Field testing of Carrageenan PGP in major rice and corn producing regions officially launched

LOS BAÑOS, Laguna –A project which will confirm the efficacy of carrageenan as a plant growth promoter (PGP) for rice and corn has officially begun in an inception meeting held recently.  

Key officials and experts from the Philippine Council for Agriculture, Aquatic and Natural Resources Research and Development of the Department of Science and Technology (DOST-PCAARRD), Department of Agriculture (DA), National Crop Protection Center of the College of Agriculture and Food Science of the University of the Philippines Los Baños (NCPC-CAFS, UPLB), and DA/DOST Regional Offices in Regions 1, 2, 3, 4a, 6, 9, and 11, have finalized the agreement during the meeting held at the DOST-PCAARRD headquarters.     

Titled, “Field Verification of Carrageenan Plant Growth Promoter (PGP) for Enhanced Growth and Induced Pest and Disease Resistance in Rice and Corn,” the project will conduct the field testing of Carrageenan PGP in major rice and corn producing areas of the country. 

 The project aims to improve rice productivity in the country and cut down production cost of Filipino rice farmers. It will focus on enhancing crop health and resiliency against pests and diseases of rice with the application of carrageenan PGP.

Carrageenan PGP, a technology developed by the Philippine Nuclear Research Institute (DOST-PNRI), was found to be high in potassium (K), magnesium (Mg), and calcium (Ca), which will help improve the growth, development, and immune system of rice.

To verify its effectiveness as a foliar spray, DA and DOST will closely work together in monitoring field test results in major rice producing regions of the country.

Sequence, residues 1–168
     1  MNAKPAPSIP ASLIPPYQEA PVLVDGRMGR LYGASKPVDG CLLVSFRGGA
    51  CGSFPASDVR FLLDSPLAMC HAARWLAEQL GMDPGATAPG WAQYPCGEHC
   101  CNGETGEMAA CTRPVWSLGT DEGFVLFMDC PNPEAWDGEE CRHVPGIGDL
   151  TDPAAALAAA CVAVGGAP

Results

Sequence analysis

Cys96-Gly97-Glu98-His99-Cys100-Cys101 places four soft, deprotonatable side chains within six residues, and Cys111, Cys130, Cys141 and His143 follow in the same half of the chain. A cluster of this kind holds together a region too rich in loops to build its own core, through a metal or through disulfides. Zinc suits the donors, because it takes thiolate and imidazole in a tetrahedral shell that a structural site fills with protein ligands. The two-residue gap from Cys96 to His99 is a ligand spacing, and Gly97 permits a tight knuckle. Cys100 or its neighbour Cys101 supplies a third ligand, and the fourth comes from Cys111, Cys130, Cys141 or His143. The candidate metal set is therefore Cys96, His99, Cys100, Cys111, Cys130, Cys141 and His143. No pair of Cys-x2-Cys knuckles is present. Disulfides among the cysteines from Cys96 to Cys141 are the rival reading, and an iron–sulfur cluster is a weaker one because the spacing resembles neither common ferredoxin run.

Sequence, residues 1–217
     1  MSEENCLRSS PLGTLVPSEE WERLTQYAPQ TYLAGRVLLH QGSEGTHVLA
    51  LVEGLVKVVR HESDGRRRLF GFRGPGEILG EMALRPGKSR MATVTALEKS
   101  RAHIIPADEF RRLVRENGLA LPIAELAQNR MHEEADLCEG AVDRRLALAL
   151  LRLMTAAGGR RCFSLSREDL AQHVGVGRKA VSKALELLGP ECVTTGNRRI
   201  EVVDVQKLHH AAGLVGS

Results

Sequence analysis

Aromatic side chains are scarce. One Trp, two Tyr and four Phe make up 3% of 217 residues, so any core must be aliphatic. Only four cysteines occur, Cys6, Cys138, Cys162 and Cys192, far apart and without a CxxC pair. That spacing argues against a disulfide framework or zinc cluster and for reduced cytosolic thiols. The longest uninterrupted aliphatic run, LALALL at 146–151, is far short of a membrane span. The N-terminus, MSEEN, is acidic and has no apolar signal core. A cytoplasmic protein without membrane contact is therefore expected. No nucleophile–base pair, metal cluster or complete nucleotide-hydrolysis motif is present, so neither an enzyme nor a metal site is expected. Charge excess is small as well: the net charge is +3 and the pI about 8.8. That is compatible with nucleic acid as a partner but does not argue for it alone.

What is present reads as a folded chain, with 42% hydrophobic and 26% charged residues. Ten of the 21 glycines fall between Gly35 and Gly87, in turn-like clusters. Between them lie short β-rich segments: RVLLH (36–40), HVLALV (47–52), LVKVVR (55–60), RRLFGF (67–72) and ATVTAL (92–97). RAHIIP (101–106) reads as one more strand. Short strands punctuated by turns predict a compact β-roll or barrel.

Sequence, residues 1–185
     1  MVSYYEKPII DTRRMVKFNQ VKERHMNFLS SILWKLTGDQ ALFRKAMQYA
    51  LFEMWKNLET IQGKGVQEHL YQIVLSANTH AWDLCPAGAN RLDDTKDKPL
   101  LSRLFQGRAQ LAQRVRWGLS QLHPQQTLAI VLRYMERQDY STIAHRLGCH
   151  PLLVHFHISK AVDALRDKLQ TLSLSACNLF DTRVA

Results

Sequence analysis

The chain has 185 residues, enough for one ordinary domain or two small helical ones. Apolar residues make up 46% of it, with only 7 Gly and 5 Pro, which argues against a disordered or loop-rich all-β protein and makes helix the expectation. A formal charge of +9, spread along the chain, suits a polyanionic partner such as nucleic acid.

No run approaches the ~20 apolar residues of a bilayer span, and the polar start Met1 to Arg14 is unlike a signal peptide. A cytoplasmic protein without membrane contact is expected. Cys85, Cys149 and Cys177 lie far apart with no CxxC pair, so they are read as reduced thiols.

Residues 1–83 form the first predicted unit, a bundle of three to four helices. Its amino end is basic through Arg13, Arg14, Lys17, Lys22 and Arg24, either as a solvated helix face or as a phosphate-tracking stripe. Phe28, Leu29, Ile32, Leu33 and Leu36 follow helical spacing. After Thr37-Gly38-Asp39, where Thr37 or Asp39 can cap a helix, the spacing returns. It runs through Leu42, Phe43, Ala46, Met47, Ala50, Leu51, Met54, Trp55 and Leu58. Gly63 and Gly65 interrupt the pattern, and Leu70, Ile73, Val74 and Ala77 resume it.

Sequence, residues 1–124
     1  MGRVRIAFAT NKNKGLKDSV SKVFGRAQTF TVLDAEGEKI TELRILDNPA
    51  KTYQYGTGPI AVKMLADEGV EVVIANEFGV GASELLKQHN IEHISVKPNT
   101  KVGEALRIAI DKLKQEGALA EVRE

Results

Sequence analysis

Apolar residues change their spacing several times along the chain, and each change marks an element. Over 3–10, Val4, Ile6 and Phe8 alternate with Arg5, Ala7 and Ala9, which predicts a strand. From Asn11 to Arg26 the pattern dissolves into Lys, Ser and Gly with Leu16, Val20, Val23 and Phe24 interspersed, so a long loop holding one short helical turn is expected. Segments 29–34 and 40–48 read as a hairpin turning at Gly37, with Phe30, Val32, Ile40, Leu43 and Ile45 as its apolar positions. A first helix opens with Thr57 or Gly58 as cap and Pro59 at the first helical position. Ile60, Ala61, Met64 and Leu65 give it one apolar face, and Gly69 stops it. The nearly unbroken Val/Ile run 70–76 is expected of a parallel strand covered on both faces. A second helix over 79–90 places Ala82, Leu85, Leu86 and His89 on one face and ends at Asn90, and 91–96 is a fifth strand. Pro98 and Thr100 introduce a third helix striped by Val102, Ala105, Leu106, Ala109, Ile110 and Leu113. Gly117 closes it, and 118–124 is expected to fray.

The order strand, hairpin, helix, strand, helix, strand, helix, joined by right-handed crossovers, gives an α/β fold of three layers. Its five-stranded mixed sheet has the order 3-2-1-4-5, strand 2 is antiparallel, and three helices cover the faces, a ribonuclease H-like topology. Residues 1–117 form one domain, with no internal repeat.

The team will also test its efficacy to induce resistance against tungro virus in inbred rice, bacterial leaf blight (BLB) in hybrid rice, insect pests such as green leaf hopper (GLH), brown plant hopper (BPH), rice stem borer, cutworm, and armyworm. The influence on the population density of beneficial arthropods, which control rice pest population, will also be evaluated.

Dr. Gil L. Magsino, Director of NCPC-CAFS, UPLB will lead the implementation of the project while Dr. Lucille V. Abad, Chemistry Research Section Head of DOST-PNRI, will supply the carrageenan PGP for the seven regions. 

“Rice production can increase by 15–40% depending on the response of rice to the prevailing environmental conditions,” Magsino said.  

In testing the effectiveness of carrageenan PGP in corn, Magsino emphasized that only UPLB and Region 2 will serve as experimental sites. 

Magsino also encouraged the agriculture extension workers to train farmers on the use of the technology as this will help them in the long run.

Abad, on the other hand, explained that carrageenan PGP stabilizes at least one month after being processed. She added that the edible seaweeds used for its production are imported because of a law that bans its harvesting in the country.

With this project, farmers will use less or no chemical pesticides during the rice cropping season, hence providing them bigger profit. 

Dr. Candido B. Damo of DA Central Office is optimistic that DA-DOST researchers can deliver the project’s required outputs. 

Other representatives from DOST-PCAARRD, DA/DOST Regional offices and NCPC-CAFS, UPLB were also present in the activity.